91142 - Political Effects Of Social Mobilization

Course Unit Page


This teaching activity contributes to the achievement of the Sustainable Development Goals of the UN 2030 Agenda.

Gender equality Decent work and economic growth Reduced inequalities Climate Action

Academic Year 2021/2022

Learning outcomes

The course aims at developing an encompassing knowledge of the outcomes that social mobilizations have at the level of politics and policies. At the end of the course, students will be able to: - critically discuss the main approaches related to the outcomes of social mobilizations at the level of politics and policies; - compare the political effects of social mobilitazions across different countries and different territorial levels; - evaluate specific cases of social mobilizations with regard to their intended and unintended political effects.

Course contents

The course will focus on both theories and practices related to the political effects of social mobilizations.

Students are required to read the assigned material before the class carefully, and active participation through presentations of existing scholarship and case studies will also be expected.

Each week, the course will tackle a different question related to its overall theme, according to the following schedule.

Week 1

Introduction to the course and lecture on what we talk about when we talk about social movements

Week 2

Which types of outcomes can social movements achieve in the realm of politics?

Week 3

Which are the endogenous and exogenous factors that shape social movements' outcomes?

Week 4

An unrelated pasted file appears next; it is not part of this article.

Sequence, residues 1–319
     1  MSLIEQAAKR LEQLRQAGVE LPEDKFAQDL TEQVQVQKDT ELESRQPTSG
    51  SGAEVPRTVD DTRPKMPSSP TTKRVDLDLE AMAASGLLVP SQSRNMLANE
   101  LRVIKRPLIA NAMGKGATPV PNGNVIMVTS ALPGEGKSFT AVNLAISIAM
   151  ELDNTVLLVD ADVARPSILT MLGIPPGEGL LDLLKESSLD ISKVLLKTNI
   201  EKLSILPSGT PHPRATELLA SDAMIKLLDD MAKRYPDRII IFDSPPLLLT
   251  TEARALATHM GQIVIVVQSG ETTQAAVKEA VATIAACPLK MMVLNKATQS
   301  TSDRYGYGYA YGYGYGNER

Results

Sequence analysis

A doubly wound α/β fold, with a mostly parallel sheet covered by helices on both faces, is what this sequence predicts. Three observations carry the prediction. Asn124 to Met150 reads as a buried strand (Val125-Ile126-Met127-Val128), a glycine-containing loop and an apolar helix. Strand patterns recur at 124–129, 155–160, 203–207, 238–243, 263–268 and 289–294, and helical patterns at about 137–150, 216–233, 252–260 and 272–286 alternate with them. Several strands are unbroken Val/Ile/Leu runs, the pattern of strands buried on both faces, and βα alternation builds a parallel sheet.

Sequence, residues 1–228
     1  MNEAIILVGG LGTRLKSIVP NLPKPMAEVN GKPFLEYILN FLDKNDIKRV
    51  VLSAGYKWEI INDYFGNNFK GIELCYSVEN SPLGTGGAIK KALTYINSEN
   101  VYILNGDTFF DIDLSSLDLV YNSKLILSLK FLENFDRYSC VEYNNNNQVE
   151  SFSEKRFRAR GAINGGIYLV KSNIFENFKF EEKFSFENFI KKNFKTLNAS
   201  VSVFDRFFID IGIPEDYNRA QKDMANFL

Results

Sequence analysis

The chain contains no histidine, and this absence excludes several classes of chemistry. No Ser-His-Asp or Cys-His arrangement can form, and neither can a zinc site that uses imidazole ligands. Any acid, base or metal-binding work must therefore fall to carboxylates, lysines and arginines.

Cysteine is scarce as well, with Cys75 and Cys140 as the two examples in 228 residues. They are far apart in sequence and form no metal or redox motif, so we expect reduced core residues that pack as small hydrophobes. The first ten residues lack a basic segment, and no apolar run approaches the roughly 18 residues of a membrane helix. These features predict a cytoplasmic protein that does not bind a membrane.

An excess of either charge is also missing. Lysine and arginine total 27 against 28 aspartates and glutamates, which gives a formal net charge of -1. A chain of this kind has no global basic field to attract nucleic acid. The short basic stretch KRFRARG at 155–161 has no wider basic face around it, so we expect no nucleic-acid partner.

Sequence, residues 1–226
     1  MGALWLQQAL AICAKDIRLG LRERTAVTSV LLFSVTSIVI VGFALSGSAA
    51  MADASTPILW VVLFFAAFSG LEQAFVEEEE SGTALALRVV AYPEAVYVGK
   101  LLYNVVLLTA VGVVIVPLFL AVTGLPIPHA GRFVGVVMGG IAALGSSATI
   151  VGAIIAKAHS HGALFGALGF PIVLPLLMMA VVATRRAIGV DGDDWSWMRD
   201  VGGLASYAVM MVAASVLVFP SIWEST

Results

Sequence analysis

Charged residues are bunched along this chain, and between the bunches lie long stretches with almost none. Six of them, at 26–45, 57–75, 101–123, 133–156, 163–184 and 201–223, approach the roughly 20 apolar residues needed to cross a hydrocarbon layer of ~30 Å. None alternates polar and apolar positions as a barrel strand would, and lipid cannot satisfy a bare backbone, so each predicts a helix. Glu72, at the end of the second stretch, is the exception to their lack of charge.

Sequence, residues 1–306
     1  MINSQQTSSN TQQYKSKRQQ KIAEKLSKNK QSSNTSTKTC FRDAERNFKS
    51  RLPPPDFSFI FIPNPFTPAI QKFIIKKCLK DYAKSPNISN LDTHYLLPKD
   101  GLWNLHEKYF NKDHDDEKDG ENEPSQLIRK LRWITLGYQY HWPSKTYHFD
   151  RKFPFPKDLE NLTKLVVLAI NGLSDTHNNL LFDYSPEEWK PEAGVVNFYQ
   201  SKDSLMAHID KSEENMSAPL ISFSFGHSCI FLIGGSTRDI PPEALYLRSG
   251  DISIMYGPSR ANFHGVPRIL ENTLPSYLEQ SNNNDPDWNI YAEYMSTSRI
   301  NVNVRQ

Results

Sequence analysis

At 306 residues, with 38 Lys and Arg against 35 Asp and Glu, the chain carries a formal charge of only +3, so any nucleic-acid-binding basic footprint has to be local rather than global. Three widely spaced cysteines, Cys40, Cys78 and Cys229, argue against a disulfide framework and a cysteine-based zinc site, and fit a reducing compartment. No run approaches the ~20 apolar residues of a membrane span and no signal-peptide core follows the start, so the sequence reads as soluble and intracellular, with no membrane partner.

How do we measure social movements' outcomes?

Week 5

What happens to social movement actors when they enter the arena of institutional politics?

Week 6

How do political consequences of social movements change when we move from Western to non-Western countries?

Week 7

What dynamics affect political outcomes of social movements when the political contexts are unstable and violent?

Week 8

Do digital media have the ability to change, and how, the dynamics that characterize social movements' outcomes?

Week 9

What happens to social movement outcomes when we move from domestic to transnational issues?

Week 10

Are political consequences the only kinds of outcomes that social movements might achieve?

The detailed syllabus containing all the topics, activities, and related specific readings of the course will be distributed and presented during the first introductory class. Please note that the topics covered during classes might be subject to slight variations.


Students are required to study a list of book chapters, essays and articles that will be distributed the first day of class. These compulsory readings will be listed in the syllabus distributed and discussed the first day of class.

Teaching methods

The course will be based on short lectures combined with in-class activities and students’ presentations.

Assessment methods

Students will be evaluated through three main tools:

  • Take-home exam with three open-ended questions (30%)
  • Two in-class presentations, each presenting a case study related to one of the main issues to be addressed during the course (20%)
  • Two in-class commentaries, each on one of the readings assigned for class (20%)
  • A final paper of 4,000 words about one of the topics covered during the course (30%)

More detailed information on the take-home exam, in-class presentations, in-class commentaries, and the final paper will be included in the syllabus distributed in September and discussed on the first day of class.

Please note that the assessment tools might slightly vary according to the number of students who will enroll in the course.

Teaching tools

Power Point presentations, multi-media materials, and practical exercises will support teaching and learning activities.

Office hours

See the website of Alice Mattoni